I had agreed to go to a small Thanksgiving gathering (there would have been 4 of us). We figured that with windows open, knowing we are all cautious about the risks of infection, it would be safe. Then I read your latest "hunker down" article :) I shared it with the hosts and they agreed it's just not a good idea to have an indoor dinner right now with different households. For context, we don't have cars so travel would be by subway and we live in apartments so we don't have backyards. If Friday is sunny, maybe we'll eat outdoors at a restaurant. BTW, nice touch that the url to the Atlantic article includes the phrase lock-yourself-down-now (!)

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Thank you for this! I love the Swiss cheese model, but I have been pondering if there is a way to more effectively communicate a few important details related to COVID:

(1) There are three distinct "pathways" of exposure - aerosols, droplets, and fomites. Many of the risk reduction steps only address one or two of these pathways. So in essence you need to make sure you have some "slices" for each pathway. This is not well communicated by the "single pathway" model. For instance, the >6ft separation is only effective for droplets, not aerosols...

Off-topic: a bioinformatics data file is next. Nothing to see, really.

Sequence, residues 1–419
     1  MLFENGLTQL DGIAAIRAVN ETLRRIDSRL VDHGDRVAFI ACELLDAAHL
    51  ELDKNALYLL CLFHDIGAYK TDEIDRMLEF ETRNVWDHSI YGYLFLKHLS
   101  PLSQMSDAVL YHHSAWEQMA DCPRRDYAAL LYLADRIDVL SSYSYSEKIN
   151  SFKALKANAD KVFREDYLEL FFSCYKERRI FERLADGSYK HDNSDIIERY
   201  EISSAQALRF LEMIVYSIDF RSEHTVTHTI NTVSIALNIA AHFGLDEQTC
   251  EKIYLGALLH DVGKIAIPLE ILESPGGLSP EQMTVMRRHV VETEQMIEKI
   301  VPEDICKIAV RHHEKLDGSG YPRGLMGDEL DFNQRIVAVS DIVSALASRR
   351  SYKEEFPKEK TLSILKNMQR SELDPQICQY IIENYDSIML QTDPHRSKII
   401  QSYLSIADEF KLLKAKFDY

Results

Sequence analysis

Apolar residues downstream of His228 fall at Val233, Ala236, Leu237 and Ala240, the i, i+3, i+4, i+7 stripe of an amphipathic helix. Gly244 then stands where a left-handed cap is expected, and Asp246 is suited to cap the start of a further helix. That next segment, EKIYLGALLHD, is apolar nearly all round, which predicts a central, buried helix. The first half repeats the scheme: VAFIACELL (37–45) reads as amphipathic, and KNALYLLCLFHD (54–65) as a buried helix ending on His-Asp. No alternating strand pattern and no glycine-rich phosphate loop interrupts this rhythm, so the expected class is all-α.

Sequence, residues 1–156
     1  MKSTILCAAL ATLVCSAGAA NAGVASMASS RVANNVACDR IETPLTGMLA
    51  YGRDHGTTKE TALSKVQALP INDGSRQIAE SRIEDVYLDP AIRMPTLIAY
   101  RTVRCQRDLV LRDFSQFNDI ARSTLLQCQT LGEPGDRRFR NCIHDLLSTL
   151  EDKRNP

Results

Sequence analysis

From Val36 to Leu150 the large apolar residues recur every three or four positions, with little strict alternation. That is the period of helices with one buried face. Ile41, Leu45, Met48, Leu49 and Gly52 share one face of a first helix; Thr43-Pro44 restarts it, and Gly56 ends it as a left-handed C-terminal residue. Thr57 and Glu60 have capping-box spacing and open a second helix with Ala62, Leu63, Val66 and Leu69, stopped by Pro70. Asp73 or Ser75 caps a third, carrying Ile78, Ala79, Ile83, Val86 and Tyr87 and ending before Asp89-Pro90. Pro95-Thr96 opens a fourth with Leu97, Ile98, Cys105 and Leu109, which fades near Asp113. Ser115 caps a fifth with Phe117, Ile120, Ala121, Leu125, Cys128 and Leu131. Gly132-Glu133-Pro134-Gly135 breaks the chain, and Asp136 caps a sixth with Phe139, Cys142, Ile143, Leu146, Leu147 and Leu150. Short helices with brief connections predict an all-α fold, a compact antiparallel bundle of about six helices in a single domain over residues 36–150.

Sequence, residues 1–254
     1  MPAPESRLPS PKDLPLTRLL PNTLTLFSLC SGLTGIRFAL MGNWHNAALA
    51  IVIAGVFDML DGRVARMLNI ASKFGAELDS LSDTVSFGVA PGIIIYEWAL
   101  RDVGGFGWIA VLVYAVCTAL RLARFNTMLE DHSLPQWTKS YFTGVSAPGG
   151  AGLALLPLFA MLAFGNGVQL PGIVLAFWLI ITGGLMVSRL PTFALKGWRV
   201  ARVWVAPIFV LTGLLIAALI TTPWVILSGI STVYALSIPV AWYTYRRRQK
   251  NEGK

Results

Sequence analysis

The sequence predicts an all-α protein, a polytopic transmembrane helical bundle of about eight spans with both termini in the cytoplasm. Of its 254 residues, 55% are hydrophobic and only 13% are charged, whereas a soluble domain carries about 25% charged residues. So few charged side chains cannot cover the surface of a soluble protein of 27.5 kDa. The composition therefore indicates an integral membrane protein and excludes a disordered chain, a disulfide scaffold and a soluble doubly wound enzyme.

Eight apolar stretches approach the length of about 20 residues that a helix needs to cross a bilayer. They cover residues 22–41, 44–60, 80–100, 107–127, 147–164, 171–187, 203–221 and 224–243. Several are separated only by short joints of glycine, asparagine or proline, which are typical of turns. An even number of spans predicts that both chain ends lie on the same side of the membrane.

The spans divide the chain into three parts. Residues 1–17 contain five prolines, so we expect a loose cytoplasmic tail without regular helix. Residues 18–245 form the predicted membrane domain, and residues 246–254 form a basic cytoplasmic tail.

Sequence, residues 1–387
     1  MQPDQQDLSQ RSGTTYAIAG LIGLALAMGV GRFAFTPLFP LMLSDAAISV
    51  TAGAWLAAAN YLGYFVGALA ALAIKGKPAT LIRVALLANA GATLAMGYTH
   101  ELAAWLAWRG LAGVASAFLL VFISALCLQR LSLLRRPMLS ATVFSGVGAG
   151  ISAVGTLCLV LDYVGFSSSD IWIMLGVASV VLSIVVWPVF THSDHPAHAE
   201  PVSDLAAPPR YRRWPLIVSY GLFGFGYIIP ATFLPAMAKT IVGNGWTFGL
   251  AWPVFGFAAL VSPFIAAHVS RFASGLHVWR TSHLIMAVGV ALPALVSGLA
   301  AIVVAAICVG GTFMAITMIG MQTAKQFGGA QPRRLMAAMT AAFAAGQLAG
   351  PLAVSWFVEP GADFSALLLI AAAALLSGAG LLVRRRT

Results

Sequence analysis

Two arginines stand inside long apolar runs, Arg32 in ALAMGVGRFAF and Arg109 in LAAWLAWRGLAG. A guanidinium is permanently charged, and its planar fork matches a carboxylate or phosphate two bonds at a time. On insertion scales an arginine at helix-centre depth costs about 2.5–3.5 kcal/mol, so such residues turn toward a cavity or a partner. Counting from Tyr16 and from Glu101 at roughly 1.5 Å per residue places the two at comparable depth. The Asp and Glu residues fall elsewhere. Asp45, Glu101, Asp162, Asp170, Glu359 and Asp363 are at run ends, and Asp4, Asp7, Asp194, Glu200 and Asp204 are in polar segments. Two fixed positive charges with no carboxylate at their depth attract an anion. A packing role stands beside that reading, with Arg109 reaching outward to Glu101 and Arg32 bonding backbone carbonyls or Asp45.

(2) I also think that along each pathway, there are three major categories -- source control (quarantine of exposed/infected individuals, etc.), environmental mitigation (cleaning surfaces, ventilation), and personal protection (masks). Moreover, some actions (do "double duty" -- e.g., masks are both source control and personal protection -- which makes them more effective!

(3) Finally, different actions have different effectiveness within their "cell" in this 3x3 matrix. For instance, temperature checks are intended for source control, but have low effectiveness due to asymptomatic transmission.

I've been struggling as to whether there is a way to effectively summarize and communicate this information in an infographic -- to encourage people to make sure they "cover all three pathways," to place their personal actions in context of community-level actions, and to understand the relative effectiveness of different actions.... or is it too late?

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Given the logic of incubation periods, surely a relatively effective time to get tested is after a pre-test isolation period, no? That is, as pre-travel/pre-gathering preparations go, the effectiveness hierarchy is something like:

two week quarantine >

one week quarantine + negative test taken late in that week >

one week quarantine without a test >

no quarantine

If so, seems like it would be useful to many people to consider that second one.

And of course this is yet another reason why we should keep pressing for approval of rapid tests for use on the same day as a planned gathering (and note the latest SF study that, IIRC, shows these catch the vast majority of asymptomatic infectious folks if taken same-day).

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